There is also a new contribution The Children’s Park - July 2009 update in Michael Kohn’s Save the Ulaanbaatar Children’s Park - A blog to stop of the destruction of Ulaanbaatar’s open spaces. Michael started also Facebook group to rally more online support and awareness of the shenanigans going down in the Children’s Park. Here is the link. Follow it, get on it!

July 13, 2009

Mongolia's forests burning: are they good or are they bad?

Read about forest fires and watch a Youtube video at Tony Whitten’s blog.

See also my posting about forest fires on Birding Mongolia, and Igor Fefelov’s comment:

Hi Axel and others,
to the point, ongoing data on the fire situation around Lake Baikal (including some part of northern Mongolia, between ca 103 and 112 deg. E and to south up to 49 deg. N) having been obtained daily can be found here (in Russian but can be understood in the context I hope)
Igor F

July 5, 2009

Bird reports from China and Hong Kong

The Hong Kong Bird Watching Society (HKBWS) has now stock of these recently published reports:


Published and produced by the China Ornithological Society supported by the Beijing and Hong Kong Bird Watching Societies. It is a bilingual publication in English and Chinese.

A5 format with 426 pages including 37 pages of colour plates depicting 64 species. Key illustrations include Chinese Monal, Sichuan Partridge, White-headed Duck, Spoon-billed Sandpiper, Chinese Crested Tern, Long-billed Thrush and Nonggang Babbler.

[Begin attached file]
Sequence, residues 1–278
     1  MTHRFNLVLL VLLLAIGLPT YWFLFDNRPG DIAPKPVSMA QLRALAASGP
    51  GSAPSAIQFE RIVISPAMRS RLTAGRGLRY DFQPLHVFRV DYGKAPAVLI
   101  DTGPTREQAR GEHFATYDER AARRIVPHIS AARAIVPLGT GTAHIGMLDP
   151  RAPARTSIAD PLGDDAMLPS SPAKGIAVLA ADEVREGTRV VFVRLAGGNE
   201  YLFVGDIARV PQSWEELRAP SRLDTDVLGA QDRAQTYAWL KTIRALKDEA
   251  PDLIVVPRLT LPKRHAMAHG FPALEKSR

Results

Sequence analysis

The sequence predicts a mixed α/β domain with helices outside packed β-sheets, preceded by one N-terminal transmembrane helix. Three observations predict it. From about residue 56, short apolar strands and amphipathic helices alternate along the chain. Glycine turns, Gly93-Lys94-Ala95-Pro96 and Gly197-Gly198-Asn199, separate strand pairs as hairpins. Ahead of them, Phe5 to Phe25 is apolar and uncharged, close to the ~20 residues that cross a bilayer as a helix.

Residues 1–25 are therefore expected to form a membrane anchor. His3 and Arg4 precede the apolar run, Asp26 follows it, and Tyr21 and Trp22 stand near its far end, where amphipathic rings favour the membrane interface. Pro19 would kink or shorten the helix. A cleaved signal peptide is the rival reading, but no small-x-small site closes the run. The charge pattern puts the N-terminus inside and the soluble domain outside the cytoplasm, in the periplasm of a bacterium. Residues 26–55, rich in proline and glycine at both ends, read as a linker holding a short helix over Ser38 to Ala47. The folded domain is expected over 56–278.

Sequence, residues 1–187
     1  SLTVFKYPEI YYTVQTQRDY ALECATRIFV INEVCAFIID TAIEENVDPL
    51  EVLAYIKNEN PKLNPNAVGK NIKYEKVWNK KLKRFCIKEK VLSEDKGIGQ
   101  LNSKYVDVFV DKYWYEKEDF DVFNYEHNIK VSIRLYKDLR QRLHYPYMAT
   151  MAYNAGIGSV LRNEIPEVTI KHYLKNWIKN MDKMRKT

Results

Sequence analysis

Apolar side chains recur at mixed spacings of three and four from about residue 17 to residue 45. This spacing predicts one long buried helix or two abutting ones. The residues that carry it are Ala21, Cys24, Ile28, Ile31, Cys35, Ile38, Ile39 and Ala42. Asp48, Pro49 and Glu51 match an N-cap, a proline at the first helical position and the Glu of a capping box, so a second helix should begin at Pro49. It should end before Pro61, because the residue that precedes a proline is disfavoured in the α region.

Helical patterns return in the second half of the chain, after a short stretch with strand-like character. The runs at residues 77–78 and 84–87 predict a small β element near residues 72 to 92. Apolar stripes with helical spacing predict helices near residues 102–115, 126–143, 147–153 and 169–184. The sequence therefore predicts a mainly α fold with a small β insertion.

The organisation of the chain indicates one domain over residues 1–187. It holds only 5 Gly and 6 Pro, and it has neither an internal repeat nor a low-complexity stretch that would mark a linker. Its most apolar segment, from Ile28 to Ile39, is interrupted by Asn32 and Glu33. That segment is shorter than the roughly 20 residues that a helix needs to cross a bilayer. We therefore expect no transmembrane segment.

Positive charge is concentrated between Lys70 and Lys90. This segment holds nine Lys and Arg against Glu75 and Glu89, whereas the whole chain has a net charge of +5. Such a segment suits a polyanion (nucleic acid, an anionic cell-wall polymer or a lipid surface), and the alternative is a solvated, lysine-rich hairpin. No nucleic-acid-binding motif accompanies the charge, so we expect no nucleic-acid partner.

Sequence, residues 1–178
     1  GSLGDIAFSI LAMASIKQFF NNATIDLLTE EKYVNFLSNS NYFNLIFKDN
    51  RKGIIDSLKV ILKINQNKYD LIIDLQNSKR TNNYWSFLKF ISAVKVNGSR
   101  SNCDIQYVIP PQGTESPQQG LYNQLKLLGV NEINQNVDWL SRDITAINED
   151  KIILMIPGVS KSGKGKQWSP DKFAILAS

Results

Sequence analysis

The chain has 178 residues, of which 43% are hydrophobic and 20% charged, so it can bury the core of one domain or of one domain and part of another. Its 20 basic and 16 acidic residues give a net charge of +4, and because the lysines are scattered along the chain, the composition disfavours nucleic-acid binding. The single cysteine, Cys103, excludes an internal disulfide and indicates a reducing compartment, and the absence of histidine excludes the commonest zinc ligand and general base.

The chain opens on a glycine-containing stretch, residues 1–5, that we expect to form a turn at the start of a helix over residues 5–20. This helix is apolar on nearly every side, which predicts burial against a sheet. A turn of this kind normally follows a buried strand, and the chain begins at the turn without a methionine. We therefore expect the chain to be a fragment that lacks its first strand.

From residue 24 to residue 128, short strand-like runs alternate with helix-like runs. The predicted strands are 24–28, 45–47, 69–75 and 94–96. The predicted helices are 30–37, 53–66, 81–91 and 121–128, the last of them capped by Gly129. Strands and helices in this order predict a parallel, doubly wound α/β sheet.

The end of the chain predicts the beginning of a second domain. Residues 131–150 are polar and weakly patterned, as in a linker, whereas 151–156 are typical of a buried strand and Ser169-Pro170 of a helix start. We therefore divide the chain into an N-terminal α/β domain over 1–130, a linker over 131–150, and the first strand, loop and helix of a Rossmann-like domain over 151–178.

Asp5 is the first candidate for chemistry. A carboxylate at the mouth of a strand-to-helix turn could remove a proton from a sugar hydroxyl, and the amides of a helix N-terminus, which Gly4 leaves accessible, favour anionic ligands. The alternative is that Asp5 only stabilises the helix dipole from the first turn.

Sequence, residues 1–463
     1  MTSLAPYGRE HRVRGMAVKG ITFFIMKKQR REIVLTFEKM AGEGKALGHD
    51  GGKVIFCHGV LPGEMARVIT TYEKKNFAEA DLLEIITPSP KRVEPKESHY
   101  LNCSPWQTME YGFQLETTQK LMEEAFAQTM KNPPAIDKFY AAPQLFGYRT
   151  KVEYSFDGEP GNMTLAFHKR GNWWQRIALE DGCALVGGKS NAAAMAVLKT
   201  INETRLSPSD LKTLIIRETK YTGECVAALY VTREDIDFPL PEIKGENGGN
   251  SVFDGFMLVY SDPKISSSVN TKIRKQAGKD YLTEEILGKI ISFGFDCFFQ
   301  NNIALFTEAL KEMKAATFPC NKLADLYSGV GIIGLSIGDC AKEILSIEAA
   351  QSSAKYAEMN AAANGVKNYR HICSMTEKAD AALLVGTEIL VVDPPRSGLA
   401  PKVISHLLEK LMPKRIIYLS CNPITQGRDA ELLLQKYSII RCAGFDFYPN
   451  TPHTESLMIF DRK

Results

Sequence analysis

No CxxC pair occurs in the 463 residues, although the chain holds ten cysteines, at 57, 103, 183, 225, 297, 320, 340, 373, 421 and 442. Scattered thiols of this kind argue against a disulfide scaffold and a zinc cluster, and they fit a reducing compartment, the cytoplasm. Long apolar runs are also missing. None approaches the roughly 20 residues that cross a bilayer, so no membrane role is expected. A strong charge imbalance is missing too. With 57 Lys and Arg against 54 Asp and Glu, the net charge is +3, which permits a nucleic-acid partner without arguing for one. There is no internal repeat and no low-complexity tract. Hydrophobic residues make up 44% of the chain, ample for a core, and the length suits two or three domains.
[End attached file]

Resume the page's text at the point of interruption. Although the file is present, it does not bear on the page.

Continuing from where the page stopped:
This year the Report covers records of 1071 species representing 80% of species recorded in China.

EU Price (including postage and packing) £16.60

Payment may be via PayPal or personal cheques drawn on UK banks only please made payable to Hong Kong Bird Watching Society.


This Report again covers 2 years as the Society makes an effort to catch up with its publication of these important reports.

Published and produced by the Hong Kong Bird Watching Society, 2009.

239 pages including 34 colour plates.

The main body of the work is taken up with the Systematic List 2003–04 which covers the 345 species recorded in Hong Kong during the period. The list includes the following new records for Hong Kong: Wedge-tailed Shearwater, Short-tailed Shearwater, Malayan Night Heron (breeding), Greater White-fronted Goose, Chinese Thrush and Baikal Bush Warbler. Additionally there are articles describing first record for White-spectacled Warbler and breeding records for Red-rumped Swallow and Yellow-billed Grosbeak.

There are taxonomic reviews of Goodson’s Leaf Warbler, Northern Hawk Cuckoo, Spot-billed Duck, Oriental Cuckoo and Pale Martin in respect of the taxa that occur in Hong Kong.

EU Price (including postage and packing) £12.07

Payment by PayPal, cheques drawn on UK banks only please made payable to Hong Kong Bird Watching Society or cash.

For delivery in the European Union (prices above) contact:

R D E Stott
Abbey Place,
Defford Road
WR10 1JF
United Kingdom
hkbwsuk at googlemail.com

For orders from outside the EU (and prices) please contact
the HKBWS Hong Kong office directly on hkbws at hkbws.org.hk